Several authors have pointed out that not all evidence for lateral gene transfer is equally reliable. If lateral gene transfer is inferred only from

Figure 3.12 Electron micrograph of Thermotoga maritima, a thermophilic bacterium belonging to the group Thermotogales, which was isolated originally from a geothermal heated marine sediment at Vulcano, Italy. Courtesy of K.O. Stetter, University of Regensburg.

the genome sequence, showing that certain ORFs have a BLAST match outside the group considered, this is not sufficient evidence, because alternative explanations may be given, such as the loss of genes in some lineages or widely diverging rates of evolution across the groups compared (Eisen 2000; Nesbo et al. 2001). To prove that lateral gene transfer has occurred, one needs to conduct a gene-by-gene phylogenetic analysis. As an example we discuss the work of Deppenheimer et al. (2002).

Deppenheimer et al. (2002) sequenced the genome of Methanosarcina mazei (Euryarchaeota), an archaeon of great ecological importance since it derives its energy from fermenting simple organic substrates to methane. Methane production in underwater sediments and inundated land (notably rice paddies) is an important link in the global carbon cycle. The genome of M. mazei (4.1 Mbp) was more than twice as large as other methano-genic Archaea that had been sequenced completely. Of the 3371 identified ORFs, no less than 1043 (31%) had their closest homologue not in an archaeal but in a bacterial species. Unlike the situation in Thermotoga, the bacterial genes in Methanosarcina did not cluster together in islands, but were found scattered in the genome. Gene phylogenies in which the laterally transferred genes were compared with orthologues in other Bacteria and Archaea showed that the foreign genes clustered with bacterial homologues, rather than with Archaea (Fig. 3.13).

Detailed analysis of the metabolic role of the bacterial genes in Methanosarca showed that the imported genes had considerably enlarged the metabolic spectrum of the archaeon. The suggestion from the data was that the metabolism of M. mazei has evolved from a simple methanogenic pathway (using hydrogen and carbon dioxide to produce methane), to a much more versatile substrate spectrum, allowing the use of acetate, methanol, and methylamine. Interestingly, most of the laterally transferred genes seemed to have been obtained from obligate and facultative anaerobic bacteria; that is, from organisms that live in the same microenvironment as the methanogenic archaeon (sediments, inundated land). This is in line with observations on thermophilic communities showing that the greatest transfer is between organisms living close together.

As indicated by the examples above, lateral gene transfer is an important mechanism for recruiting new microbial functions. By lateral gene transfer, microorganisms may be able to exploit new ecological niches that were inaccessible prior to the event. However, not all lateral gene transfers are necessarily to be viewed within a purely adaptive framework. The presence of foreign genes in a genome might well be a consequence, rather than a cause, of adaptation (Nesbo et al. 2001). Mira et al. (2001) viewed the bacterial genome as resulting from an evolutionary balance between ongoing recruitment and removal processes. Lateral gene transfer is the most important recruitment process. If there is no pressure from natural selection to maintain a newly recruited gene, it will quickly be removed or inactivated. Assuming that in all bacterial genomes there is a bias towards a higher rate of deletions over insertions, this explains the small and streamlined genomes of many bacteria. According to G. Gottschalk (personal communication) the large genomes of methanogens may just be a consequence of the fact that removal of laterally transferred genes has not yet occurred. This argument is similar to the neutral theory of genome evolution by Lynch and Conery (2003), discussed in Section 3.1.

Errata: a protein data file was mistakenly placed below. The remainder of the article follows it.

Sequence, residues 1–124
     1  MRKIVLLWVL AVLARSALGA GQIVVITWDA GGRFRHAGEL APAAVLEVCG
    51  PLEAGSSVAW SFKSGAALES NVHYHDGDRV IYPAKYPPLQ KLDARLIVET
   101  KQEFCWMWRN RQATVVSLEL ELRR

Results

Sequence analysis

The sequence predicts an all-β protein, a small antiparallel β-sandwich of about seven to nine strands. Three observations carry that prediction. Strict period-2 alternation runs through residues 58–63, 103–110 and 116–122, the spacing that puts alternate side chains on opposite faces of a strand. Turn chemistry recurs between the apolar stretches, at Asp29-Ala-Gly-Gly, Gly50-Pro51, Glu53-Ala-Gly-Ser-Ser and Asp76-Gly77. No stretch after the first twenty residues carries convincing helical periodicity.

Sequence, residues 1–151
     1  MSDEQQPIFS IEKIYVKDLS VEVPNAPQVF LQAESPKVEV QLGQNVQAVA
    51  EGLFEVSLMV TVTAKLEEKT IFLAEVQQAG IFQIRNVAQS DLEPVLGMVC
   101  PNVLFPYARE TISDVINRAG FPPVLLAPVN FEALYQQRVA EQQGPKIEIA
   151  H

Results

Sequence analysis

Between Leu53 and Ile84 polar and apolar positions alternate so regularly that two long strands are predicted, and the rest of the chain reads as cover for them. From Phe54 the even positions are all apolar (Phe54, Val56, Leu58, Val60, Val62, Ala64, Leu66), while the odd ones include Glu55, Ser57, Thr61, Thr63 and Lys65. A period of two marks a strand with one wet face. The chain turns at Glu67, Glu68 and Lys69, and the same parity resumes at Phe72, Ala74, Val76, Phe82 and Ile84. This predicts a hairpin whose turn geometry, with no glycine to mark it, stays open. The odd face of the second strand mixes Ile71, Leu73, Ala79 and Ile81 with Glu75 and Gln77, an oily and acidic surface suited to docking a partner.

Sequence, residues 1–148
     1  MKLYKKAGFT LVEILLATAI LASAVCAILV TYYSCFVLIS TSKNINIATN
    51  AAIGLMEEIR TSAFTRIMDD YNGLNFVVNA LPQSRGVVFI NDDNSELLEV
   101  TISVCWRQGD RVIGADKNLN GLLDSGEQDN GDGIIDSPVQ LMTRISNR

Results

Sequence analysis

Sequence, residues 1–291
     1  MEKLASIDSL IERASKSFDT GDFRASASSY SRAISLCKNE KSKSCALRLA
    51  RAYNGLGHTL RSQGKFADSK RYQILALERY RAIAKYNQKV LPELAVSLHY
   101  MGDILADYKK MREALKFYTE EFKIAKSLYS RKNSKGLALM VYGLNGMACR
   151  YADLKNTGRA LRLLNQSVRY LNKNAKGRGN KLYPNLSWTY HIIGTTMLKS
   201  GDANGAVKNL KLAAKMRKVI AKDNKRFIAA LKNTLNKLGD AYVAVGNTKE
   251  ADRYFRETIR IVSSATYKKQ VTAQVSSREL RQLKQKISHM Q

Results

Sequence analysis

Are all genes equally subjected to lateral gene transfer? Jain et al. (1999) postulated the complexity hypothesis, which states that genes that have few interactions with other genes will integrate more easily into a new genomic background and are therefore more likely to be successful in lateral gene transfer, compared with genes that are part of a complicated network and dependent on many other genes. This hypothesis explains the greater tendency of operational genes to be transferred, compared to informational genes; however, there are many exceptions to the hypothesis (Zhou and Thompson 2004).

Although the actual rate of lateral gene transfer is considered to be low compared to the life cycle of microorganisms, lateral gene transfer may leave a permanent trace in the genome; the presence of

Methanococcus jannaschii



_ influenzae